Prayer by Timothy Keller


This is a superb book on prayer, published in 2014 by the increasingly prolific writer/pastor Tim Keller. I would say that this book is probably my favorite overall book on prayer. Keller is so bright, so well-read, and so insightful, with such a deep heart for God.  

He begins by talking about his own journey with prayer, how God used some struggles to raise this value in his own life. He talks about a milestone decision that he and his wife made in 2011 that they would pray together every single night, and the difference this has made for them.


The book is peppered with the quotes and learnings from writers and scholars, not only from our own day but down through the centuries. For example, there is a great section on the Lord’s Prayer in which he basically takes the best insights of Augustine, Luther and Calvin.


There is a tremendous section on meditation on the Bible, which is really a form of prayer. He talks about the various ways open to us to meditate on the Bible.


Here is his definition of prayer:


“What is prayer, then, in the fullest sense? Prayer is continuing a conversation that God has started through his Word and his grace, which eventually becomes a full encounter with him.”


He elaborates with a couple of quotes: “Through Christ, prayer becomes what Scottish Reformer John Knox called ‘an earnest and familiar talking with God,’ and John Calvin called an ‘intimate conversation’ of believers with God, or elsewhere ‘a communion of men with God’ – a two-way communicative interaction.”


There is a good bit about how to pray, and he includes this insightful observation from Edmund P. Clowney: “The Bible does not present an art of prayer; it presents the God of prayer.”


Here are a few of the principles he lays out:


  1. Prayer is a duty and a discipline.
  2. Prayer is conversing with God.
  3. Prayer is a balanced interaction of praise, confession, thanks and petition.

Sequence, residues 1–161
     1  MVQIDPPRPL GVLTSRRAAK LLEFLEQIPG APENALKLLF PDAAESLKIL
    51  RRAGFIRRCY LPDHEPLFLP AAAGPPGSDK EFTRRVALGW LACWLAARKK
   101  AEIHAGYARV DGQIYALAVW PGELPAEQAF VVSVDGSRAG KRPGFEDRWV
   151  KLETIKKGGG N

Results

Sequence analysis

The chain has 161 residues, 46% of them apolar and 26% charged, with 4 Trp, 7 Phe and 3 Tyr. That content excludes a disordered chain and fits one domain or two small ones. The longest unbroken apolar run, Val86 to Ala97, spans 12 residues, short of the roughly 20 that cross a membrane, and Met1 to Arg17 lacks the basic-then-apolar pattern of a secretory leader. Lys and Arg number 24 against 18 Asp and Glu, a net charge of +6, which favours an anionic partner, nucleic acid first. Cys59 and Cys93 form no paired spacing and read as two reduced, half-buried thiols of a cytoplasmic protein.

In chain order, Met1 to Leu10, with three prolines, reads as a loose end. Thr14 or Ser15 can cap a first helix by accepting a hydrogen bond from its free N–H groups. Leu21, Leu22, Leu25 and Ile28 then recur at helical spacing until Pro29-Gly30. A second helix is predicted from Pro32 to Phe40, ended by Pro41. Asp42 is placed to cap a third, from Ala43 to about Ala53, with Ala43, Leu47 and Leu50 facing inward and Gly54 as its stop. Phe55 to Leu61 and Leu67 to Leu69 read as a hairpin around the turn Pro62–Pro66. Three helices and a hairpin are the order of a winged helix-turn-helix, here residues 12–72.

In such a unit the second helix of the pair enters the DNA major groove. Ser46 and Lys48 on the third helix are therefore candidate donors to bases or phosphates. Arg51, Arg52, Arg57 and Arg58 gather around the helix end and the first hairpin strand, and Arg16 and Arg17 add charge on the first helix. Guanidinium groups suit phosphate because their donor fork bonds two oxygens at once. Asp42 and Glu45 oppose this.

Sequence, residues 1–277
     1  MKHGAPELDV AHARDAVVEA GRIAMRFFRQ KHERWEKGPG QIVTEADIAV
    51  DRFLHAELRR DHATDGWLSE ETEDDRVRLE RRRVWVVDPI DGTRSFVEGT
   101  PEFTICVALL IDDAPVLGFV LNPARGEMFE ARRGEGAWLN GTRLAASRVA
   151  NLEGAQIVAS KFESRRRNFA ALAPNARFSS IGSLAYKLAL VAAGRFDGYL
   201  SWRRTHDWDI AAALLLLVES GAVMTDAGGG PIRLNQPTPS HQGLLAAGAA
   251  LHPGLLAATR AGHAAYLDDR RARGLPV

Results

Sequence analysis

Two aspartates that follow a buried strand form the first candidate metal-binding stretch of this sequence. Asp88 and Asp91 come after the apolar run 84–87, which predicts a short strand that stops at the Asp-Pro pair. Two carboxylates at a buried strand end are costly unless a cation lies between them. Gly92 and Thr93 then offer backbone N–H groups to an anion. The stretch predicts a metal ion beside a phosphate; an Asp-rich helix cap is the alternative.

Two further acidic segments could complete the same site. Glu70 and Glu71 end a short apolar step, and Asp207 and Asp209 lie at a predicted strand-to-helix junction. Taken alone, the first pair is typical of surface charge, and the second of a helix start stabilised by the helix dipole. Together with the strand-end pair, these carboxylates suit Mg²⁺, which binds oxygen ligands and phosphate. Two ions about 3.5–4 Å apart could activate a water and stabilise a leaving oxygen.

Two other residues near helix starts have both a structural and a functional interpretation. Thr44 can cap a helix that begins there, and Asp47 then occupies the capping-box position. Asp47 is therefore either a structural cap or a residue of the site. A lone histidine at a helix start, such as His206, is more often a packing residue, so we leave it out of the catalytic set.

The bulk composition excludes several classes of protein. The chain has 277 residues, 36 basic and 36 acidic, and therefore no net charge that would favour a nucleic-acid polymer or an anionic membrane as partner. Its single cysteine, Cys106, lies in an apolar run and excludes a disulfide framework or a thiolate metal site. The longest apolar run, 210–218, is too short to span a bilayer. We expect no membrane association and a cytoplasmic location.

4. Prayer must be “In Jesus’ Name,” based on the gospel.
  5. Prayer is the heart engaged in loving awe.
  6. Prayer is accepting weakness and dependence.
  7. Prayer reorients your view toward God.
  8. Prayer as spiritual union with God.
  9. Prayer seeks a heart sense of the presence of God.
  10. Prayer requires and creates honesty and self-knowledge.
  11. Prayer requires and creates restful trust and confident hope.
  12. Prayer requires and creates surrender of the whole life in love to God.


There is a wonderful chapter on the prayer in Ephesians 3:14-21, in chapter 11. It includes fascinating examples of Blaise Pascal, the philosopher and mathematician, and Jonathan Edwards, the pastor and theologian, having these striking encounters with the presence of God.


Keller closes with these challenging lines:


“It may be fitful and episodic, but fellowship with God is available now. George Herbert, remember, called prayer ‘the Churches banquet.’ Remember too Dwight Moody, who was praying one day and could say only ‘that God revealed himself to me, and I had such an experience of his love that I had to ask him to stay his hand.’


Why are we settling for water when we could have wine?”